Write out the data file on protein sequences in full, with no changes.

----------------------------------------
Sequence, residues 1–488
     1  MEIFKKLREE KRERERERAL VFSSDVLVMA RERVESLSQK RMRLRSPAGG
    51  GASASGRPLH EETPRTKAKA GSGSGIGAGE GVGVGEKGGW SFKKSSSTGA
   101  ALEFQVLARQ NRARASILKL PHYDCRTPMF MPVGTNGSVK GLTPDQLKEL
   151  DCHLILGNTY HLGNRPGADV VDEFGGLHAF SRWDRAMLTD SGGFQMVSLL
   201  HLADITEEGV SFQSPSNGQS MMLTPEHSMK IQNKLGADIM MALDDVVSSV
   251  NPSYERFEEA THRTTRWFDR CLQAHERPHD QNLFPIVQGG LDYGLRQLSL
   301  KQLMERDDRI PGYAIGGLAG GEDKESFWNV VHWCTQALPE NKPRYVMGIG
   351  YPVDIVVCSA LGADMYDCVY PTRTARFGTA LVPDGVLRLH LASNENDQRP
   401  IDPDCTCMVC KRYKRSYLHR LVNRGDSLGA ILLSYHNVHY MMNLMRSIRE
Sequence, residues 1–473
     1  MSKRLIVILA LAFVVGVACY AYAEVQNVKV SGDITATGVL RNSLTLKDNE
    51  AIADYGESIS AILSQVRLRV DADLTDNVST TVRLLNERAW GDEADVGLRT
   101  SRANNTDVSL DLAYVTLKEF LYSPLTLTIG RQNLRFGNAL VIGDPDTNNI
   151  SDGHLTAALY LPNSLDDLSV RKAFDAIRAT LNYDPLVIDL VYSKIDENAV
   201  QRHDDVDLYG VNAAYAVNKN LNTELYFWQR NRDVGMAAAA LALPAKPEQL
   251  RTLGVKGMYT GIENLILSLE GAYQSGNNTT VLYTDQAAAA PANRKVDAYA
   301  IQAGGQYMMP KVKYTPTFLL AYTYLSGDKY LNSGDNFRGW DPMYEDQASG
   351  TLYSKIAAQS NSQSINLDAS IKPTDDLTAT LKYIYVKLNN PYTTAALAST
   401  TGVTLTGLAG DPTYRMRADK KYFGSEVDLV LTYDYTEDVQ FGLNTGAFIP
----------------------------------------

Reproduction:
Sequence, residues 1–488
     1  MEIFKKLREE KRERERERAL VFSSDVLVMA RERVESLSQK RMRLRSPAGG
    51  GASASGRPLH EETPRTKAKA GSGSGIGAGE GVGVGEKGGW SFKKSSSTGA
   101  ALEFQVLARQ NRARASILKL PHYDCRTPMF MPVGTNGSVK GLTPDQLKEL
   151  DCHLILGNTY HLGNRPGADV VDEFGGLHAF SRWDRAMLTD SGGFQMVSLL
   201  HLADITEEGV SFQSPSNGQS MMLTPEHSMK IQNKLGADIM MALDDVVSSV
   251  NPSYERFEEA THRTTRWFDR CLQAHERPHD QNLFPIVQGG LDYGLRQLSL
   301  KQLMERDDRI PGYAIGGLAG GEDKESFWNV VHWCTQALPE NKPRYVMGIG
   351  YPVDIVVCSA LGADMYDCVY PTRTARFGTA LVPDGVLRLH LASNENDQRP
   401  IDPDCTCMVC KRYKRSYLHR LVNRGDSLGA ILLSYHNVHY MMNLMRSIRE
Sequence, residues 1–473
     1  MSKRLIVILA LAFVVGVACY AYAEVQNVKV SGDITATGVL RNSLTLKDNE
    51  AIADYGESIS AILSQVRLRV DADLTDNVST TVRLLNERAW GDEADVGLRT
   101  SRANNTDVSL DLAYVTLKEF LYSPLTLTIG RQNLRFGNAL VIGDPDTNNI
   151  SDGHLTAALY LPNSLDDLSV RKAFDAIRAT LNYDPLVIDL VYSKIDENAV
   201  QRHDDVDLYG VNAAYAVNKN LNTELYFWQR NRDVGMAAAA LALPAKPEQL
   251  RTLGVKGMYT GIENLILSLE GAYQSGNNTT VLYTDQAAAA PANRKVDAYA
   301  IQAGGQYMMP KVKYTPTFLL AYTYLSGDKY LNSGDNFRGW DPMYEDQASG
   351  TLYSKIAAQS NSQSINLDAS IKPTDDLTAT LKYIYVKLNN PYTTAALAST
   401  TGVTLTGLAG DPTYRMRADK KYFGSEVDLV LTYDYTEDVQ FGLNTGAFIP